Romeo and Juliet wasn’t really written as a romance, and here’s why

 

William Shakespeare’s famed and celebrated opus Romeo and Juliet, an amalgam of many works of poetry or prose from Italy, with a lineage that dates all the way towards Ovid’s Metamorphoseon, is considered one of the English language’s greatest and most influential texts. Pondered over and studied for nearly half a millennium, the play is a treasure trove – the text frothing and spilling over with insights into the mind of the Bard and of the times in which he lived, or rather the ideals of the times in which he lived. Just below the surface of its pages are commentaries on youth, romanticism, realism and the struggles of each in regard to the others. Shakespeare lays out all of his ideas within his poetry and in the words of his timeless characters. There are two characters in particular that exemplify both romantic love and anti-romantic love – romanticism and realism, respectively. Furthermore, the struggles between the ideas within the text are revealed through clear contrast and binary opposition.

As told by Ovid: Pyramus and Thisbe lived in ancient Babylon, with parents that refused to let them see each other – eventually they eloped in secret from their parents but due to a misunderstanding and a jumping of conclusions by Pyramus, he slays himself with his own blade leading Thisbe to find him near-death, asking him to wait for her and running herself through with the same blade – the young lovers die together, embracing. Apart from run in with a lioness (which leads to the misunderstanding) the vital and most primal plot points remain the same in Romeo and Juliet. Young lovers are denied each other by family and elope, Pyramus/Romeo believes Thisbe/Juliet dead but she yet lives, Pyramus/Romeo commits suicide in his all-consuming grief only for Thisbe/Juliet to find him dying and kill herself with his blade to join him in the afterlife. Many other authors either made reference to this tale or added to the final tragedy by Shakespeare, among them were Greek writer Xenophone who told a similar tale, and Dante Alighieri who mentions the Montagues and Capulets in Purgatorio, the sequel to his famous work, Inferno.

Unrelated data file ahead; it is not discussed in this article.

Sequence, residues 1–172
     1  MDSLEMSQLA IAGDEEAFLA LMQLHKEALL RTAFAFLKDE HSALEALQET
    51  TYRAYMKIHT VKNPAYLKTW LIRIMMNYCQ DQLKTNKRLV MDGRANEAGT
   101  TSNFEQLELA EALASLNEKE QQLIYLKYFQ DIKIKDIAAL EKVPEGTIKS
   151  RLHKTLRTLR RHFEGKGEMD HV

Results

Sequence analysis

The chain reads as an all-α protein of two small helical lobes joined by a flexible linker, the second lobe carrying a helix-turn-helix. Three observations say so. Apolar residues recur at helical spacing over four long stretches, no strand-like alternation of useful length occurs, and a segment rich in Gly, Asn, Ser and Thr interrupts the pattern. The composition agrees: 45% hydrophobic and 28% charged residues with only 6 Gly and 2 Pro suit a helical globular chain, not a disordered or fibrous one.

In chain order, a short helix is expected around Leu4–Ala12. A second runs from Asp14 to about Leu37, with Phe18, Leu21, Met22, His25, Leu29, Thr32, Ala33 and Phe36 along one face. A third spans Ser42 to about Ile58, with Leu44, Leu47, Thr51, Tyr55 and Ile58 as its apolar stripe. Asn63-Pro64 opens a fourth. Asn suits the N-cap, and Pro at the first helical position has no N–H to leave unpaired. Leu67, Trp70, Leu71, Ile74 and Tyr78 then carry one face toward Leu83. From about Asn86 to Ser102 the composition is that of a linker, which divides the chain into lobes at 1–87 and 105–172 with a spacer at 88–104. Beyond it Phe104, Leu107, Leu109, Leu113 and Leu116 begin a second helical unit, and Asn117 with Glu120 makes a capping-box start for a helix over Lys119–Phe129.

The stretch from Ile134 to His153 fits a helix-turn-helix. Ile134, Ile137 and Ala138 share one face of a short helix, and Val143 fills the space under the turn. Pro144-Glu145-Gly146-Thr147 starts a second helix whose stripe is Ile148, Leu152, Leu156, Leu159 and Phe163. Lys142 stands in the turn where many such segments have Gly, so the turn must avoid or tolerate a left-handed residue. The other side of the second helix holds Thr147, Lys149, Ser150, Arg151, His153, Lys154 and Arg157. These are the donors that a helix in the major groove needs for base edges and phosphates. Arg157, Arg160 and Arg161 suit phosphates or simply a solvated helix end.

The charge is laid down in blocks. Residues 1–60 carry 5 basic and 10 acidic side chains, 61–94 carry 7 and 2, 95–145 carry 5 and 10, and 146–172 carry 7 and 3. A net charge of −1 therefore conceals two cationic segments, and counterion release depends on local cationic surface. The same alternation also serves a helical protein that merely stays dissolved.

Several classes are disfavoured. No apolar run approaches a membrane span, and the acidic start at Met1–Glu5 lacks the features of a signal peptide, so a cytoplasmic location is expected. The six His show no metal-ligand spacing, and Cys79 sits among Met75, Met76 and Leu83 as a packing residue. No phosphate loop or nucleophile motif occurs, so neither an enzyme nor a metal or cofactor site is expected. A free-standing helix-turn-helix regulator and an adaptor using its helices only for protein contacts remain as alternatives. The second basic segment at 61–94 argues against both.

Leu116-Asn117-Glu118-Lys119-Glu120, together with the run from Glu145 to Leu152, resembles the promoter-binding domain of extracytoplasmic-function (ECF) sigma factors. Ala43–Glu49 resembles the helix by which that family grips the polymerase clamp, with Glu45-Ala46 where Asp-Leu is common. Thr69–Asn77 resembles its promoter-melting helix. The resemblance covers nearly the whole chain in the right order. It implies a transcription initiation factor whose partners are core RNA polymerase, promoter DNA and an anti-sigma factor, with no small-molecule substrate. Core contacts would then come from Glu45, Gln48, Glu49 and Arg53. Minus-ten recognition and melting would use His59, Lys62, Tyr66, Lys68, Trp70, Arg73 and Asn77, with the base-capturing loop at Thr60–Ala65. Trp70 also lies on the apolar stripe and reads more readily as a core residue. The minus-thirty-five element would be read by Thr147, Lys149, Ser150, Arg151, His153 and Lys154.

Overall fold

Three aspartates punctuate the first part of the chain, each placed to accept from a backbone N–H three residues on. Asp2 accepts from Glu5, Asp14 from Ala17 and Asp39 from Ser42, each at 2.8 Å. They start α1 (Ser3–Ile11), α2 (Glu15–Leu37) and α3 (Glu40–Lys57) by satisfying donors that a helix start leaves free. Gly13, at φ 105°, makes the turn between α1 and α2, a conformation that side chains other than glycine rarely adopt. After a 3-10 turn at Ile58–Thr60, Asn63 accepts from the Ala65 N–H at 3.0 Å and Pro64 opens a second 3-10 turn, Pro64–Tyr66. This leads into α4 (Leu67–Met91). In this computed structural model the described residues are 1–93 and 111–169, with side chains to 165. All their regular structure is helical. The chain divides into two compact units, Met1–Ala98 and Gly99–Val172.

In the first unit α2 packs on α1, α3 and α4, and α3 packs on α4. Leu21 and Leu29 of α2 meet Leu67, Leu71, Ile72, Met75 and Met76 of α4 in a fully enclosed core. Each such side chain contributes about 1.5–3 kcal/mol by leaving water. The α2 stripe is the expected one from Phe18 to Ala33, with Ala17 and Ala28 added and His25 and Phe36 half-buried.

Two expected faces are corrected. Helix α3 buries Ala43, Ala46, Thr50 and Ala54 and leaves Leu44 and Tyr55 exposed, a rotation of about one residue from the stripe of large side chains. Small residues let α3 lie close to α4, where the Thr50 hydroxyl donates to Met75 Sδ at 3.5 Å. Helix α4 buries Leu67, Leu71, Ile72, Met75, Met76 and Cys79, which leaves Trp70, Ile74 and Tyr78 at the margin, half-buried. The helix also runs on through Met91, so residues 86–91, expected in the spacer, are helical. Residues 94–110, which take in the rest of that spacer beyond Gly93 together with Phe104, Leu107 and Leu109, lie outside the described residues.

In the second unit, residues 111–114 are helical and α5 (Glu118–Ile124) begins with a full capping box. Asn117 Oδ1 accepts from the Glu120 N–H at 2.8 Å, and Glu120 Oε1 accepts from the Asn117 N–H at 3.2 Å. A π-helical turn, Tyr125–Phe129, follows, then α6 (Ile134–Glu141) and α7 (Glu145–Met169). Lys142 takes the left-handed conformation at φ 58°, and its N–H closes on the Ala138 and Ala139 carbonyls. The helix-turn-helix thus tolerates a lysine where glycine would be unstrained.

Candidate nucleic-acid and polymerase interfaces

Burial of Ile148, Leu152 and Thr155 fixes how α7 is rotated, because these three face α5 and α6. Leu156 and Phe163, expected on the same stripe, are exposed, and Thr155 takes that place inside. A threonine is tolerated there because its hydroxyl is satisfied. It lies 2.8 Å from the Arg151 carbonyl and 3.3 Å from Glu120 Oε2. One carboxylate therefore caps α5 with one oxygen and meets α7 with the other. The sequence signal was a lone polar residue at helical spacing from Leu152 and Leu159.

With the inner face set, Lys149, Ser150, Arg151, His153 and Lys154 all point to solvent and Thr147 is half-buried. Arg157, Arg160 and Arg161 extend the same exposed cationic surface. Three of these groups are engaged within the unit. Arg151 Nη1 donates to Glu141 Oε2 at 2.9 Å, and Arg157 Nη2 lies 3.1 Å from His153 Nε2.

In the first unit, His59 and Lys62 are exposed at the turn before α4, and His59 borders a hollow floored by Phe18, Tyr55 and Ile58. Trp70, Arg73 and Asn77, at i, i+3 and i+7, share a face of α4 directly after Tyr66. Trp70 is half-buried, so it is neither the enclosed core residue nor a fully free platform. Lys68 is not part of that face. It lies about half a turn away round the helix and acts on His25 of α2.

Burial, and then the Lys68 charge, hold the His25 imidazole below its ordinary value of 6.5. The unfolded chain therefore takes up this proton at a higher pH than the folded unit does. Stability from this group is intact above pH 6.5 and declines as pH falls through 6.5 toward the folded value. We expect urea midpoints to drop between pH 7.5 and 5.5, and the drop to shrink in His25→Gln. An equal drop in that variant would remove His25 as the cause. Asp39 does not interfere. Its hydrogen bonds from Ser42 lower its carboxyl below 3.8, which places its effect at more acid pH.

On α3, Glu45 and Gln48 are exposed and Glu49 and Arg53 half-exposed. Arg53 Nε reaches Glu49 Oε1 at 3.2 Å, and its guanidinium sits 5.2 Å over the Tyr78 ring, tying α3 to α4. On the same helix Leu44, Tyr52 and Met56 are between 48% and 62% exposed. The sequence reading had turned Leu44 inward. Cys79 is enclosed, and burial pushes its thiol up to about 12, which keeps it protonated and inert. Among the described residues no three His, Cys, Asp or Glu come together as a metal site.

When Shakespeare penned this tale of young, brash and doomed lovers he went on to add characters and themes from other works of fiction or even from history to expand the narrative from its simple and ancient origins and gave the tale a particular renaissance.

If Romeo exemplifies one who sees love romantically as a mystical force, tantamount to destiny, that binds people together for life – then Mercutio, his cynical friend, represents how foolish this notion is. Mercutio believes that love, especially in young lovers, is purely physical and mocks Romeo for his infatuation with Rosaline and his brooding over love. Especially seen in Act 1, Scene 4 when Romeo uses a metaphor of a rose with thorns to describe his relationship with Rosaline – to which Mercutio jests “If love be rough with you, be rough with love; Prick love for pricking and you beat love down”. Mercutio has a very modern view of love, that love is something that isn’t supposed to be feared – be confident and you can conquer love.

Throughout the play, Mercutio is more of a voice of reason than both the expected voices of reason, Juliet’s Nurse and Friar Laurence, whom both have ulterior motives for having Romeo and Juliet marry. The Friar wishes to end the family feud and the Nurse (while having similar views to Mercutio about love) is easily swayed by Juliet as she is desperately loyal to her lady. If Romeo had heeded Mercutio in the first place then perhaps the play would have ended as a comedy.